Khmer Rouge torturer recounts baby-killing policy
PHNOM PENH, Cambodia – Khmer Rouge guards killed babies by battering them against trees under an official policy to ensure the children of the brutal Cambodian regime's victims could never take revenge for their parents' deaths, the group's chief jailer testified Monday.
Kaing Guek Eav, alias Duch (pronounced Doik), said he was to blame for the brutal killing of infants as the commander of the Khmer Rouge's notorious S-21 prison in Phnom Penh during the 1970s. As many as 16,000 men, women and children are believed to have been tortured there before being sent to their deaths.
"I am criminally responsible for killing babies, young children and teenagers," Duch, 66, told a U.N.-assisted tribunal. He never mentioned if he had personally carried out such killings. "It was done by my subordinates. I do not blame them because this was under my responsibility."
Duch is being tried by the genocide tribunal for crimes against humanity, war crimes, murder and torture. An estimated 1.7 million Cambodians died under the 1975-79 communist Khmer Rouge regime from forced labor, starvation, medical neglect and executions.
Last year, the tribunal took Duch to S-21 — which is now a museum — and the area where prisoners were executed, and he was shown drawings of Khmer Rouge guards swinging babies by their legs and pounding their heads against tree trunks.
"The horrendous images of the babies being smashed against the trees, I didn't recognize it at first," said Duch. But he admitted that after also seeing photographic portraits of children who had been held at the facility, he recalled that such things had happened.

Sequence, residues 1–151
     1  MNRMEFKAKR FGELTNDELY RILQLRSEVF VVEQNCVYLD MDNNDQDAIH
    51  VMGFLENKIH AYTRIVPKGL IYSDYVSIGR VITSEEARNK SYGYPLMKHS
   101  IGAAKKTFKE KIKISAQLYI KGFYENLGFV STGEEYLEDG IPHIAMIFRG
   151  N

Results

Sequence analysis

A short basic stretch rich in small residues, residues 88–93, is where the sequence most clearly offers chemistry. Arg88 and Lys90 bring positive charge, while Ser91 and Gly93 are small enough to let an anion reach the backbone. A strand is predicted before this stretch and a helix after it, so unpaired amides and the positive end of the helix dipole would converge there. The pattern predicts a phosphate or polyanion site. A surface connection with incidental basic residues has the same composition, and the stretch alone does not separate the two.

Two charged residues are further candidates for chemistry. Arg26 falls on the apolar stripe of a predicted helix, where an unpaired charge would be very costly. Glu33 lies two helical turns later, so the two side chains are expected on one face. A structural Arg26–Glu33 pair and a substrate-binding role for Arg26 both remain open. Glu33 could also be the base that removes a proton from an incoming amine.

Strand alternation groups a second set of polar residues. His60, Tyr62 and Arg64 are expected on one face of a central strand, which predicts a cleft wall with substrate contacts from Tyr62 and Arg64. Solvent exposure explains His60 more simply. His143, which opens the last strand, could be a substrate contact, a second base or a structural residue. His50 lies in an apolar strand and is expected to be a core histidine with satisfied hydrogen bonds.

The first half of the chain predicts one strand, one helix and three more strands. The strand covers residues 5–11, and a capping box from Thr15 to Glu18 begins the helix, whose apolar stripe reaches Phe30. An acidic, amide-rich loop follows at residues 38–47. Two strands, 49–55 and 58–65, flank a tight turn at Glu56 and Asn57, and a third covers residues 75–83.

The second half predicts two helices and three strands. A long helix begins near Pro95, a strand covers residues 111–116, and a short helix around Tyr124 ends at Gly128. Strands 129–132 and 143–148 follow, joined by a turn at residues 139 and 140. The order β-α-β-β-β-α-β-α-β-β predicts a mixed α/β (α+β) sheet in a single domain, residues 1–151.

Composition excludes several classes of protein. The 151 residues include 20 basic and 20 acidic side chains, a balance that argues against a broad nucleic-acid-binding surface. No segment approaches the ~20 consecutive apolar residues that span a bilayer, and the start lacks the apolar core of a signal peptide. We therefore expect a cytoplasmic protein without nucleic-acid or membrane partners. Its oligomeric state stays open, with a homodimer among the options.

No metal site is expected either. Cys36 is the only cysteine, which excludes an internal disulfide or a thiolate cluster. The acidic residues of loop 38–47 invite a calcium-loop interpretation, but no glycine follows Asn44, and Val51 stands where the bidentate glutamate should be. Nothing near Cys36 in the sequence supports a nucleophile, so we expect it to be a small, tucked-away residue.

Duch said official Khmer Rouge policy dictated that the detained offspring of prisoners at S-21, also known as Tuol Sleng, must be killed to prevent retaliatory action.
"There is no gain to keep them, and they might take revenge on you," Duch said, reciting the policy that he said he learned from the regime's former defense minister, Son Sen.
It is not known how many young children were killed at S-21. Photographers kept meticulous records of adult prisoners, but pictures were not routinely taken of babies and young prisoners.
Duch denied one of the grisly allegations in the prosecutor's indictment: that children of S-21 prisoners were taken from their parents and dropped from third-floor windows to break their necks. Duch told the tribunal that hurling children from windows would have panicked other prisoners, which would have run contrary to his orders. He said prisoners were supposed to be kept in the dark of their destiny to be killed.
Duch is the first senior Khmer Rouge figure to face trial and the only one to acknowledge responsibility for his actions. Senior leaders Khieu Samphan, Nuon Chea, Ieng Sary and Ieng Sary's wife, Ieng Thirith, are all detained and likely to face trial in the next year or two.